At 122 minutes, Girls Trip would have greatly benefited from some serious tightening up. As much of the film was actually filmed at EssenceFest, Lee has tossed in a number of cameos ranging from Mariah Carey to Ne-Yo, Babyface, P. Diddy, Common, and even a little bit of Kevin Hart among others. These cameos feel natural, though they are excessive and often unnecessary. The same could be true for some of the extraneous characters in the film...Girls Trip starts to drag anytime we're not really dealing with one of our leading ladies.

Regina Hall is a true gem here, a convincing budding star who truly sells the inner conflict flowing through her entire being as she tries to convince herself and her fans that she still has it all. Queen Latifah adds a tremendous emotional core to the film as Sasha, whose compromised journalistic integrity is as much a life coping skill as it is anything. Latifah has always been an under-appreciated actress and here she's as convincing in a hallucinogenic-driven sequence with a certain lamp as she is being a wounded friend whose loyalty is understandably yet inappropriately questioned. Tasked with being the most responsible member of the Flossy Posse, Jada Pinkett Smith is made up to look quite a bit older than the group, a distracting make-up call, but her performance is still spot-on. However, the real star of Girls Trip may very well be Tiffany Haddish, whose comic fireball of weirdly compatible rage and loyalty keeps the film alive and vibrant even when comic bits stretch a bit too far and dialogue falls a bit flat.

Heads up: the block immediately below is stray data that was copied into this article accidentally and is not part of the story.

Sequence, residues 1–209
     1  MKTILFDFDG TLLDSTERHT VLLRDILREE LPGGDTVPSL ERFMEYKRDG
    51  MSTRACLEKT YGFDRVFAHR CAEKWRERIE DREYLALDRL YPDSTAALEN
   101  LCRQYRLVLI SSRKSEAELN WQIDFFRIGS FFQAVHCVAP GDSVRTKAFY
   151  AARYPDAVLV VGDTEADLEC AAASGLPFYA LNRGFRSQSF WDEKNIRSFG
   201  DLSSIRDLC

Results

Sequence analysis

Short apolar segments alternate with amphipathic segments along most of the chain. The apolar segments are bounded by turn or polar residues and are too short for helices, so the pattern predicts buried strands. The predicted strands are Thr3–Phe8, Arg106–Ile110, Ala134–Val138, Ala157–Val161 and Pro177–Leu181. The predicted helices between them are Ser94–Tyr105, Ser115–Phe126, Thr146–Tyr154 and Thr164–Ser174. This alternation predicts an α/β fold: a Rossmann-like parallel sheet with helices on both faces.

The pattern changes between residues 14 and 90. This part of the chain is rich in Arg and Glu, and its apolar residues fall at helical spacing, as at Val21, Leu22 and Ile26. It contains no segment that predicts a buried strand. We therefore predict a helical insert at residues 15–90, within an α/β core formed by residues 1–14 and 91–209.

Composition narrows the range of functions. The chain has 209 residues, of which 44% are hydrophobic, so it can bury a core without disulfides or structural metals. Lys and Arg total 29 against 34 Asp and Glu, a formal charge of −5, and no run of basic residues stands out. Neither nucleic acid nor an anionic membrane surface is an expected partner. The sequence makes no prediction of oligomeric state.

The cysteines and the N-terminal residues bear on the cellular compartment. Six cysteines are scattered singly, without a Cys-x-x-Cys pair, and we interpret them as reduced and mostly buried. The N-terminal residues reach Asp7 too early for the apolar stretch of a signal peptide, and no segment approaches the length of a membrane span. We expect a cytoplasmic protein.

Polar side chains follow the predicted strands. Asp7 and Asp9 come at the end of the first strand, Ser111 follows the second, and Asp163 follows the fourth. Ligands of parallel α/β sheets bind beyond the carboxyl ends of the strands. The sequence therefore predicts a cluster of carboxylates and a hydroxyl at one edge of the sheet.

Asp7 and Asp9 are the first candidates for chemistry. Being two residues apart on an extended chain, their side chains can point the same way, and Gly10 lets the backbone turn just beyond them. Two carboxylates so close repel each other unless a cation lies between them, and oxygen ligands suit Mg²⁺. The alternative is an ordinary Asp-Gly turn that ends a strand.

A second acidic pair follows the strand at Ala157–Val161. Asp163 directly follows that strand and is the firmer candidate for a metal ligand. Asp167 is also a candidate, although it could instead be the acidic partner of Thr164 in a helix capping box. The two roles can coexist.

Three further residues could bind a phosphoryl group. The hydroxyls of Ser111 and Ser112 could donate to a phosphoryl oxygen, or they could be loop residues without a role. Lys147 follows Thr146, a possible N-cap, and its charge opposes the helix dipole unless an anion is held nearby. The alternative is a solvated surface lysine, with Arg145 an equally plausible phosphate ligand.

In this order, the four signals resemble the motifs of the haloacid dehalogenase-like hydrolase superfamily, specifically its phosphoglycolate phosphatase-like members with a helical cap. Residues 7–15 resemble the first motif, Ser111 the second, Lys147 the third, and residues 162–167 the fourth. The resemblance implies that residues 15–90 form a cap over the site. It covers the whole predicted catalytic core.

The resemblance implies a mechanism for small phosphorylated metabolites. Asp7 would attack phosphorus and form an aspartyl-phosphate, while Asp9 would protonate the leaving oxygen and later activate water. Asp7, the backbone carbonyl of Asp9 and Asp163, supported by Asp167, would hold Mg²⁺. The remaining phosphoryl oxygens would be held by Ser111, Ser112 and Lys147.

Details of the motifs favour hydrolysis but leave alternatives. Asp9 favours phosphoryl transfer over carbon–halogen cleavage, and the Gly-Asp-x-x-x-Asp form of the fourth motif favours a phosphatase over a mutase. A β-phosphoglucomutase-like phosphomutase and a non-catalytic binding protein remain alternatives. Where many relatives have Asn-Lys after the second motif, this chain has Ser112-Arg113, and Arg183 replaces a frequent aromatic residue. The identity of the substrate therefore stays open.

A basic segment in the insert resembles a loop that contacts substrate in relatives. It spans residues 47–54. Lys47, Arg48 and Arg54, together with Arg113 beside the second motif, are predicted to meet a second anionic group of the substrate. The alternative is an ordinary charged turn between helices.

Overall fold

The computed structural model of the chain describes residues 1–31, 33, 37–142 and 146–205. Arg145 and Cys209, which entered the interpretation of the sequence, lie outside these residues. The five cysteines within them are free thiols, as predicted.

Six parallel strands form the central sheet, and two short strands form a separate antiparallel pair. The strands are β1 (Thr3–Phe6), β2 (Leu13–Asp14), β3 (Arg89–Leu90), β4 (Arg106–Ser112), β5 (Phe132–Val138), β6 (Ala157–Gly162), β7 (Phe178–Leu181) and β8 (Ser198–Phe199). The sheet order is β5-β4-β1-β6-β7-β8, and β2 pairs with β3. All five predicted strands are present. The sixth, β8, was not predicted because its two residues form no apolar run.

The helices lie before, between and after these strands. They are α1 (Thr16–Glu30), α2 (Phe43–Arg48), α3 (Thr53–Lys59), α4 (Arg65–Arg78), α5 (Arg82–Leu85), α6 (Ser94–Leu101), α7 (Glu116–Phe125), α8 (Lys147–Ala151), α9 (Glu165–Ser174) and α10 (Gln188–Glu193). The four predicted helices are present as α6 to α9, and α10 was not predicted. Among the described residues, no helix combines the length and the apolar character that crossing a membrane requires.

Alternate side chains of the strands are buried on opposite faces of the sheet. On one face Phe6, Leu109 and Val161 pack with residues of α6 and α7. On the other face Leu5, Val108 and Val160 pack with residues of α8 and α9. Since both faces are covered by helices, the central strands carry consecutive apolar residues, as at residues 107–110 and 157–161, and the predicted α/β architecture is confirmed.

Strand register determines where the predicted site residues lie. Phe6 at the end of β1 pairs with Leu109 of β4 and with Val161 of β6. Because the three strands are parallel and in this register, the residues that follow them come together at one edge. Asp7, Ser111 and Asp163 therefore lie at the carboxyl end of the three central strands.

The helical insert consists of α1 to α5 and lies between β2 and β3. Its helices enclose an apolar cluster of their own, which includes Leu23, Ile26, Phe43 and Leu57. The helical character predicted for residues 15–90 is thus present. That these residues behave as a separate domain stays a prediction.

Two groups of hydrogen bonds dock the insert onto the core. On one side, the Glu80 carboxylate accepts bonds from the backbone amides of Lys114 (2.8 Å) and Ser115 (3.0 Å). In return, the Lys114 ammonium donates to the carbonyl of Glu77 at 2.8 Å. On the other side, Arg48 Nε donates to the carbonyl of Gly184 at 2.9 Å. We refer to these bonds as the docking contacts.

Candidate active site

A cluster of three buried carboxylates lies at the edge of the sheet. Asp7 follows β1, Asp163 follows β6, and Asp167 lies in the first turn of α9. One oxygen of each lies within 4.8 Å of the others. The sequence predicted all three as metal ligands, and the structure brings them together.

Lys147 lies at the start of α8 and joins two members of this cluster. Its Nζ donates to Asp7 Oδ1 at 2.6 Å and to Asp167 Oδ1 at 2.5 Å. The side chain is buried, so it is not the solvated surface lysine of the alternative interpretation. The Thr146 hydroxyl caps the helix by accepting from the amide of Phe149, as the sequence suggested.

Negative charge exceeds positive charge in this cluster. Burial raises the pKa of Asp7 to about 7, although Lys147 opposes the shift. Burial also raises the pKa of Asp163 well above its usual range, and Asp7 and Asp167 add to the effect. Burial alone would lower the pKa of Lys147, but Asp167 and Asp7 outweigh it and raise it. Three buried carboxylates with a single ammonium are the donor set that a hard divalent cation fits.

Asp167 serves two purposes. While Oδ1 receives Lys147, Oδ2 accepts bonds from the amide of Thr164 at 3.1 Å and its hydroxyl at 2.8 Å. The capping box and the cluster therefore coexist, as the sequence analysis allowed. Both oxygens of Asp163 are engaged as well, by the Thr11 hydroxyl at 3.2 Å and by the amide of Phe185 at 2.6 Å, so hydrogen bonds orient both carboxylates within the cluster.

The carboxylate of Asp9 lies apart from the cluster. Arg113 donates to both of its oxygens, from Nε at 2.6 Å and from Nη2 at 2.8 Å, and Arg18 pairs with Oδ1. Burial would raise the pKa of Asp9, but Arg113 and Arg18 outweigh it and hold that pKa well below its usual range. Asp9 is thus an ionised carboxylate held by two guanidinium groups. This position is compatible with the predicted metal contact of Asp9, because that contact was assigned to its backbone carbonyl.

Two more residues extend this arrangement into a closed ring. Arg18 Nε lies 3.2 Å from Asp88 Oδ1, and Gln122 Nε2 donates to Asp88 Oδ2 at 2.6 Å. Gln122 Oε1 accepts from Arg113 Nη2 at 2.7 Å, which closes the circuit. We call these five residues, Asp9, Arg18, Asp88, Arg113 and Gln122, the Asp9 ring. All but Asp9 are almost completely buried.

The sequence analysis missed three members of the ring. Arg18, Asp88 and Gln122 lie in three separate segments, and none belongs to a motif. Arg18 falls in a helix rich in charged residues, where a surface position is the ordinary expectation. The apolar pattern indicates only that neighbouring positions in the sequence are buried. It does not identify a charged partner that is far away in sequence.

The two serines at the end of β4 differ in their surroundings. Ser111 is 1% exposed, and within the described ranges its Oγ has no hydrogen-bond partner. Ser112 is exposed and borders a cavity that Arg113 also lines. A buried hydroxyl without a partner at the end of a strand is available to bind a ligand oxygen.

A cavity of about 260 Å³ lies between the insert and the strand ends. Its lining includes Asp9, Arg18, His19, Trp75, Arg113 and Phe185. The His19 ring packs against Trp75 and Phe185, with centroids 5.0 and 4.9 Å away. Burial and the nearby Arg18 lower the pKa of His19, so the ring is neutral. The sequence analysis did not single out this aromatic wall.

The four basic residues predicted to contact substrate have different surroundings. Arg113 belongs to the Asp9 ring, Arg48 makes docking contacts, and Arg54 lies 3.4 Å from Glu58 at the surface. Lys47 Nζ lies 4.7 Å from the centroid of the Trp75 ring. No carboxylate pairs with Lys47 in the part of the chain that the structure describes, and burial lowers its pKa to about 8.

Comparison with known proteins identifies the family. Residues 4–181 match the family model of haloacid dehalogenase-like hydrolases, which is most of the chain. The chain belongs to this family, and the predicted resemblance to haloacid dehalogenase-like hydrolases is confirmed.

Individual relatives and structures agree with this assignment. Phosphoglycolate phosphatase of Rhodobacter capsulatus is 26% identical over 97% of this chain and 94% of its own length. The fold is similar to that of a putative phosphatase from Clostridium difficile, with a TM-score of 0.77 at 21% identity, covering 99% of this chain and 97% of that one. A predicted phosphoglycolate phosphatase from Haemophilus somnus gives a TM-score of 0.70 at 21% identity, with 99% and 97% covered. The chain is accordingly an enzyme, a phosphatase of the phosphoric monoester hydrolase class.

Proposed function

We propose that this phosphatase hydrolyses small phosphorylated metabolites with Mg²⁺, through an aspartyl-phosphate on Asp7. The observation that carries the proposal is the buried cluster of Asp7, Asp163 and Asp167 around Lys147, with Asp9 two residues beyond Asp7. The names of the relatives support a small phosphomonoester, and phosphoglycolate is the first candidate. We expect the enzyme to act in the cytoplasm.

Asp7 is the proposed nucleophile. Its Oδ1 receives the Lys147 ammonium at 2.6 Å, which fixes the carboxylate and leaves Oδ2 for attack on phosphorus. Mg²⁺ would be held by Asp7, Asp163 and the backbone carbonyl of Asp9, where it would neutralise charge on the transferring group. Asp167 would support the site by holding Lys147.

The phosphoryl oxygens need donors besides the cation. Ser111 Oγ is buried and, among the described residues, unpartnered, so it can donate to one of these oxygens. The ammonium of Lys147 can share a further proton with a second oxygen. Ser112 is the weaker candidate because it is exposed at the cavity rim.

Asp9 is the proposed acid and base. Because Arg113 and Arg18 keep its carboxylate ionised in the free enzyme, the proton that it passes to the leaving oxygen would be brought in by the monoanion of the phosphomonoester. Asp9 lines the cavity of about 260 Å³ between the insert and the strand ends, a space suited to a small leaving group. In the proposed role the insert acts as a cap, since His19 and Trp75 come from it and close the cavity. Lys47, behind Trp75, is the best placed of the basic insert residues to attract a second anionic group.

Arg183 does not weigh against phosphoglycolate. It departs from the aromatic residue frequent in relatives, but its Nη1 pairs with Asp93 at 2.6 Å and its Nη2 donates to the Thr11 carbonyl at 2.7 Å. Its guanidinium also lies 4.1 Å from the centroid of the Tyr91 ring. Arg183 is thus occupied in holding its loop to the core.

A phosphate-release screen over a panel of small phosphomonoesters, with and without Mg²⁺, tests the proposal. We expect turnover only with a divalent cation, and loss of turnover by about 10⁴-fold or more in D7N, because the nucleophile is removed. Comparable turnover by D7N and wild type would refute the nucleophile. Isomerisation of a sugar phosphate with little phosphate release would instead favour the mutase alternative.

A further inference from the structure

Among the supporting players, Larenz Tate shines most brightly as an even-keeled musician friend of the quartet who seemingly shows up every time they need rescued, while Kate Walsh takes a caricature of a character, Ryan's white manager who uses grossly inappropriate lingo from the Urban Dictionary, and gives her a surprising amount of sweetness and heart. 

There's an awful lot not to like about Girls Trip, though you should likely know going into the film whether it's going to be your thing or not. Was it my thing? Not so surprisingly, yes. Girls Trip is a perfect example of a film where the cast truly matters - there are performers who would have sucked the life out of this film, then there's this delightful quartet that manages to find just about every comic moment to be found from beginning to end.

© Written by Richard Propes
The Independent Critic 

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    The Independent Critic is proud to support Indy-based Heartland Film by committing to the 50/50 x 2020 Pledge - By the end of the year 2020, The Independent Critic will achieve gender parity in its reviews of both shorts and feature films. Furthermore, The Independent Critic also pledges support for the Ruderman Family Foundation's call for authentic representation of people with disabilities in film and actively commits to leverage its journalistic influence to effect genuine change in the film industry by calling for and actively promoting authentic and inclusive casting and hiring of people with disabilities.